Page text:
President Trump has repeatedly used his Twitter account to single out companies for criticism of their business practices, raising the question for a broad range of public companies of how to prepare for and potentially respond to such criticism. Of course, rhetorical attempts by politicians to influence the conduct of private enterprise – commonly referred to as “jawboning” – are an old political tactic. The nature and frequency of jawboning in the current environment makes this a serious issue for boards and management at a wide variety of public companies, in a way that it has not been in the recent past.

Crisis plans maintained by public companies for other circumstances may provide useful guidance for how to respond to a politician’s social media attack (an “SMA”). However, every type of crisis raises unique concerns and considerations. Many companies should carefully consider the appropriate response to an SMA in advance.

This note is intended to aid public companies for a discussion at the board level concerning SMAs. It covers three main areas that public companies should specially consider: (i) governance, (ii) executive compensation- and employment-related issues and (iii) communications, and provides senior legal advisors with an outline of relevant considerations. While the principal considerations relevant to responding to an SMA will not typically be legal concerns, corporate governance considerations constitute threshold legal issues and employment-related and communications considerations implicate important legal issues.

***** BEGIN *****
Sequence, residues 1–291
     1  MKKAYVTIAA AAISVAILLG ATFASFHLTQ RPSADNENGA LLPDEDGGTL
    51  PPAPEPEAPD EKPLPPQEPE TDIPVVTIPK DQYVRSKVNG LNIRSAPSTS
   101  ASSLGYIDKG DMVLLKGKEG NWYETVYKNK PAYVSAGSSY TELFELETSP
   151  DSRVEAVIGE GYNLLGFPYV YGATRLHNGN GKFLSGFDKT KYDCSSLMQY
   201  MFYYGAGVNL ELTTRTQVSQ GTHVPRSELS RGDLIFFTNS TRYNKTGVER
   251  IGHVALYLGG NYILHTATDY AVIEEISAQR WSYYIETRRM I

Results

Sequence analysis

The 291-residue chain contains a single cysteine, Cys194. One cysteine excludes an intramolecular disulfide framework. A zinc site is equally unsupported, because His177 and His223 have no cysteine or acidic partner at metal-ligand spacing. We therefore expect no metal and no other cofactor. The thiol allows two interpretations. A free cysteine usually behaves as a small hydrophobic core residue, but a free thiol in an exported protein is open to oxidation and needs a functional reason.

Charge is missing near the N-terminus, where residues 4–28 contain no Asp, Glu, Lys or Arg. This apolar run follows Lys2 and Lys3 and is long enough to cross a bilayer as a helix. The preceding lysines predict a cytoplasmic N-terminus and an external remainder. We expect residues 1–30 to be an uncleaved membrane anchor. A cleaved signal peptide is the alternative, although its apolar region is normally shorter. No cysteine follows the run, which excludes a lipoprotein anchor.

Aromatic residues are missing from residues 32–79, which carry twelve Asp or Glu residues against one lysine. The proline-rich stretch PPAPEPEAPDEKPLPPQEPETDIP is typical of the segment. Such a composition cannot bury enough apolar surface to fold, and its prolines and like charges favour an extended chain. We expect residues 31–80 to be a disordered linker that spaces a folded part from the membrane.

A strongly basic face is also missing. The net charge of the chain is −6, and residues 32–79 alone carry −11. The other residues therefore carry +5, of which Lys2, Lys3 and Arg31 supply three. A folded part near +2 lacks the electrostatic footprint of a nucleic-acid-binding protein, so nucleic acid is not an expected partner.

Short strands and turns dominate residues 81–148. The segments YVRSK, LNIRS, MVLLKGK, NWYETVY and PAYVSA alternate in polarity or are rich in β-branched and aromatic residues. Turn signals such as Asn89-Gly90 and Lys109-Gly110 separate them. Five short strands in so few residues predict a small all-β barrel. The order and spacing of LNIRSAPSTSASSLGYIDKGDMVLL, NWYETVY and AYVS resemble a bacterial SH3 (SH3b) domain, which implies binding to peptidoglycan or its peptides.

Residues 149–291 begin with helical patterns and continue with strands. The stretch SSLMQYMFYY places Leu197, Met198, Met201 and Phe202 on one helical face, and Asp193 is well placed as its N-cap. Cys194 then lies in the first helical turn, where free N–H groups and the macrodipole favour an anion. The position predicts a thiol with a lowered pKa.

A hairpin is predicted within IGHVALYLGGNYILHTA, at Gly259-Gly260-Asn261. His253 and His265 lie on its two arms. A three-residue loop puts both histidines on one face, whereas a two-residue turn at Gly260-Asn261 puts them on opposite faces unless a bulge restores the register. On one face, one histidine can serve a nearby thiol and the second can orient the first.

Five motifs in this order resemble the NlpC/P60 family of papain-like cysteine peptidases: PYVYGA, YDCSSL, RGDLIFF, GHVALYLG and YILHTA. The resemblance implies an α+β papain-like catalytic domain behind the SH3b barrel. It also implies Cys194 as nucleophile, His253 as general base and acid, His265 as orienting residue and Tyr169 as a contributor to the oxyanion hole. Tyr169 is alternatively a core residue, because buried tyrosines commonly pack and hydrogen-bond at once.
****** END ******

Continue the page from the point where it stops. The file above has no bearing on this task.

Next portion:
Please click here to read the full memo.

The review of financial regulation under the new administration has its first victim.  On February 3, the Senate passed a resolution under the Congressional Review Act that disapproves the SEC’s rule on resource extraction payments. The House of Representatives had already passed the resolution, so the SEC’s rule is no longer in effect.

The target of the joint resolution is a rule requiring each SEC reporting company engaged in commercial development of oil, natural gas or minerals to file annual disclosures on payments it makes to governments.  The rule has already had a tortured history, which left it vulnerable to action under the Congressional Review Act (CRA). Continue Reading Congress Rolls Back SEC Resource Extraction Payments Rule